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ASAN Condemns President’s Budget Request

Statement

ASAN condemns the President’s Budget Request, which once again calls for deep cuts to programs such as Medicaid, Social Security, and housing supports that help disabled people live our lives in our communities. We have seen the Trump administration propose similar sets of cuts in their budget year after year, in blatant disregard for the lives of people with disabilities, low-income Americans, and a disproportionate amount of people of color who would be critically endangered by these actions. ASAN has fought these cuts before, and will continue to fight as long as we need to in order to ensure everyone can access the supports we need to survive. We call on Congress to reject these proposals and put forward a budget that is consistent with the values of the disability rights movement.

Analysis

The President’s budget takes aim at three areas integral to the livelihoods of Americans with disabilities: healthcare, education and employment, and income supports (such as through Social Security and housing programs). At its core, the budget aims to slash funding for social services while imposing work requirements, which will take crucial supports away from people with disabilities who use these services to survive. We know from experience that work requirements don’t work: they force people with disabilities to jump through bureaucratic hoops that we cannot navigate, and ultimately kick eligible people off of the lifesaving supports that we need. Here is a detailed breakdown on how the President’s budget would impact Americans with disabilities:

Health and Human Services:

  • It would cut over $777 billion from Medicaid and the Affordable Care Act by replacing this funding with block grants and per-capita caps. It also proposes legislation similar to the Graham-Cassidy bill, which would stop protections for people with pre-existing conditions and eliminate the most affordable plans under the ACA. Under this plan, up to 20 million people could lose their health insurance.
  • It would impose work requirements for Medicaid throughout the United States. We have already seen the disastrous consequences of this policy in Arkansas, where more than 1 in 5 people subject to the policy lost their health care coverage.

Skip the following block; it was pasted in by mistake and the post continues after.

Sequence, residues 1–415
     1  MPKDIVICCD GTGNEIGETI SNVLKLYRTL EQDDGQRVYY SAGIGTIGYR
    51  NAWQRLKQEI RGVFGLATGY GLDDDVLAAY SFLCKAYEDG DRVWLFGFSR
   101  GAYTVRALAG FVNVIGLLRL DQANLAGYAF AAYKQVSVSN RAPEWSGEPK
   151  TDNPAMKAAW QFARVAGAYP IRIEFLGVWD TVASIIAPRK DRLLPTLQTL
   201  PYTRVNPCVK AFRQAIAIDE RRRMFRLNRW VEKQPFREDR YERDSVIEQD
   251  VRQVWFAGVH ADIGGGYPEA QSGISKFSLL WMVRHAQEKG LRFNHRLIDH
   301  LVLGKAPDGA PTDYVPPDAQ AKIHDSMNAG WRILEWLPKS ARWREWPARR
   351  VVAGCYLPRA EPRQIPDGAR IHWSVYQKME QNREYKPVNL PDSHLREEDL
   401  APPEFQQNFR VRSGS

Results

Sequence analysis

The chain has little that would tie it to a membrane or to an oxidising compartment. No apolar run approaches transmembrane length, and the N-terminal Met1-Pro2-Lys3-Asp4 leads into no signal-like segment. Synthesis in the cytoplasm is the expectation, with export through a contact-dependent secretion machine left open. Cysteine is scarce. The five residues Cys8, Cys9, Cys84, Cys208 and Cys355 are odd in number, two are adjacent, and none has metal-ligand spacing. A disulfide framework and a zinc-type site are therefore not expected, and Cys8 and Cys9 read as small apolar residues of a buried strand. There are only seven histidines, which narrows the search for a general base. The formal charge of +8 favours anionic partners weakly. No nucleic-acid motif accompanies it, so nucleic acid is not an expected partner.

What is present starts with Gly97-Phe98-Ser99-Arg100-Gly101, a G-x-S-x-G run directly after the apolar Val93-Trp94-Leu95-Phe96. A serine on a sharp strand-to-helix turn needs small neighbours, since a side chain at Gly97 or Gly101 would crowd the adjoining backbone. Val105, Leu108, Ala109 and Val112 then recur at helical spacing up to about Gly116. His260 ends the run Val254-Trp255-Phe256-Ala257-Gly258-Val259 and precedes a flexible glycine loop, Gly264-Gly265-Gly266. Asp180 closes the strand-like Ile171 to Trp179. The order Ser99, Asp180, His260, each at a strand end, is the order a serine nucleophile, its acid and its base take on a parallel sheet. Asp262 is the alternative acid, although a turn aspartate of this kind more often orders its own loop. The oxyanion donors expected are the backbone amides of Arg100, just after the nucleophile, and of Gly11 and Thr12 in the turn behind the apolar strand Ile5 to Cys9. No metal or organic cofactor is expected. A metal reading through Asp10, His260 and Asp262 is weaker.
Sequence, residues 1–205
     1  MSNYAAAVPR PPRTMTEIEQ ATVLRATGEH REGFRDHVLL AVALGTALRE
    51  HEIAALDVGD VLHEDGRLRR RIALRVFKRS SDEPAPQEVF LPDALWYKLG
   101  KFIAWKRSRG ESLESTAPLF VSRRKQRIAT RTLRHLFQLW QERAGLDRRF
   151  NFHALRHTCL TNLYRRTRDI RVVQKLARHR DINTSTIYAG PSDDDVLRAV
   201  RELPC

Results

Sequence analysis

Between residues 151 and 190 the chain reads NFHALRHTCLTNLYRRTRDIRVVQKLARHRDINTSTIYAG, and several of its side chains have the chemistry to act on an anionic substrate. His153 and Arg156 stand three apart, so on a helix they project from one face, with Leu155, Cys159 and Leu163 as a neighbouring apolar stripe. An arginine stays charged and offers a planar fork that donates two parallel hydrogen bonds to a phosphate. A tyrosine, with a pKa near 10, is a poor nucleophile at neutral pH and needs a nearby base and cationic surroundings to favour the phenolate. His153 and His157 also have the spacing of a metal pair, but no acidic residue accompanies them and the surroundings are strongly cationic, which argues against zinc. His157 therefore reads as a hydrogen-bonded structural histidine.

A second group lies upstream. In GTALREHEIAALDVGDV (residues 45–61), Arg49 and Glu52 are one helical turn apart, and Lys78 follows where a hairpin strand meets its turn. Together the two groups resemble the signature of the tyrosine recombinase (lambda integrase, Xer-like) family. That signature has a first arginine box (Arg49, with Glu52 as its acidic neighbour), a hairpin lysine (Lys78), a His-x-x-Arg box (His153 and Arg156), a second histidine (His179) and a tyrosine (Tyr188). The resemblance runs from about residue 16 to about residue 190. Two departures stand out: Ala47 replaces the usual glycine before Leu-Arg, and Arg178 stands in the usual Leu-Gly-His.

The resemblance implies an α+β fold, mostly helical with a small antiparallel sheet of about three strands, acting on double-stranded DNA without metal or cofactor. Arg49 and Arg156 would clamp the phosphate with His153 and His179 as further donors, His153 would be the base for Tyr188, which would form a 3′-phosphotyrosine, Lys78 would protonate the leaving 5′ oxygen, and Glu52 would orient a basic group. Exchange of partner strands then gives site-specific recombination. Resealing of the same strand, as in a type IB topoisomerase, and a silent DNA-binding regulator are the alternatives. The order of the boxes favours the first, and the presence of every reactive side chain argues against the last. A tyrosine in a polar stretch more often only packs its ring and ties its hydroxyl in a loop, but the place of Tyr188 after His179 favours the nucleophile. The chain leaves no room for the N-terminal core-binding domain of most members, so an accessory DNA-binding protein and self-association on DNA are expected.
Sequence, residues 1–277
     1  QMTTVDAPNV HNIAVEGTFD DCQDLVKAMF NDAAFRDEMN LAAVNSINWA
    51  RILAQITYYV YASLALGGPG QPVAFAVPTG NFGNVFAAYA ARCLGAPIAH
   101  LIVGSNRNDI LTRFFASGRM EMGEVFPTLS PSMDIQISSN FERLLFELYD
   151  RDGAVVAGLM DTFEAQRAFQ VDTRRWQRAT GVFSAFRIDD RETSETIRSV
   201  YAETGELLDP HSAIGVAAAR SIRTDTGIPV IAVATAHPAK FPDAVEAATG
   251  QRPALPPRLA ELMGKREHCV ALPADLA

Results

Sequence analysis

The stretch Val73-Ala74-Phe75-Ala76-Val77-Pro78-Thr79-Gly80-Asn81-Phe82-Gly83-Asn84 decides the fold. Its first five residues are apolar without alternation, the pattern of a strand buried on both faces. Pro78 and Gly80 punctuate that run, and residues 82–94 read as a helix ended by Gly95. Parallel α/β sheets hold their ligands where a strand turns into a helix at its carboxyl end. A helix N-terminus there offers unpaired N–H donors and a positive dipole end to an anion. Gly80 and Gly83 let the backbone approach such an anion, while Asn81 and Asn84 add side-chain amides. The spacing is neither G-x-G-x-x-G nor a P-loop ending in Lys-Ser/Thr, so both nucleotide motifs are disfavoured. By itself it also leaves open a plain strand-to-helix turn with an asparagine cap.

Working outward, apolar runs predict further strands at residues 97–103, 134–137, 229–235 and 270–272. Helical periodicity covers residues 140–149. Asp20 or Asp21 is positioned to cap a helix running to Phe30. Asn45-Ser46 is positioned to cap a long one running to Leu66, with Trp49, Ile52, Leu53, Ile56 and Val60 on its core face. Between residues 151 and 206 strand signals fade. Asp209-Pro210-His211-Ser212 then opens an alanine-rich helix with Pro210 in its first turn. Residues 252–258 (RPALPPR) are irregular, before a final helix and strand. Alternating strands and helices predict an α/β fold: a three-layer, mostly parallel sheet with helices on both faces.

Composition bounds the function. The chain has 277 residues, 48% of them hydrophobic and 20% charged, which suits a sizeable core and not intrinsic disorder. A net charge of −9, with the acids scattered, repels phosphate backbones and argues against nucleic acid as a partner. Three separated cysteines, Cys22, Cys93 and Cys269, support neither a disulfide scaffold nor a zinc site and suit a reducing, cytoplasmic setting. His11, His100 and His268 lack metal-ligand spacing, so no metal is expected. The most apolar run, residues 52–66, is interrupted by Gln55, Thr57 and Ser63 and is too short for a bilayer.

• It would let states charge copayments for the lowest-income Americans who use Medicaid, creating a new barrier to accessing care. It would also expand the use of prior authorization in Medicare, which makes it harder for disabled people to get the things we need.

In addition to these egregious cuts from Medicaid and the Affordable Care Act, many other programs which support community integration for people with disabilities would be deeply cut or eliminated:

  • Over $81 million would be cut from disability services and programming at the Administration for Community Living, which works to make sure we are included in all aspects of society:
  • 26% of the budget for State Councils on Developmental Disabilities (DD Councils) would be cut. DD Councils are a major way that the voices of self-advocates are included in state policy discussions about our lives.
  • Funding would be cut from other crucial programs established through the Developmental Disabilities Act, including Protection and Advocacy agencies and University Centers for Excellence in Developmental Disabilities. The Centers for Independent Living would also see their funding cut.
  • Funding for Projects of National Significance would be almost entirely eliminated (over 90% in cuts), along with a 17.5% cut in funding to the National Institute on Disability, Independent Living, and Rehabilitation Research (NIDILRR). These projects fund research that helps disabled people live in the community.
  • Over a quarter of funding would be cut from initiatives to improve voting access for people with disabilities, making it more difficult for us to engage in the electoral process.
  • The budget eliminates all funding for autism and developmental disability from the Health Resources and Services Administration (HRSA), which funds the Leadership Education in Neurodevelopmental and Related Disabilities (LEND) programs, improving access to health care services and information for people with I/DD and their families. It would also cut all HRSA funding for diversity training for healthcare workers, negatively  impacting how people with disabilities are treated in medical settings.

In total, over 12% of funding would be cut from the Department of Health and Human Services in comparison to previous years.

Education and Labor:

  • It would cut $11 million, or nearly a third, out of the budget for the Office of Disability Employment Policy (ODEP) within the Department of Labor.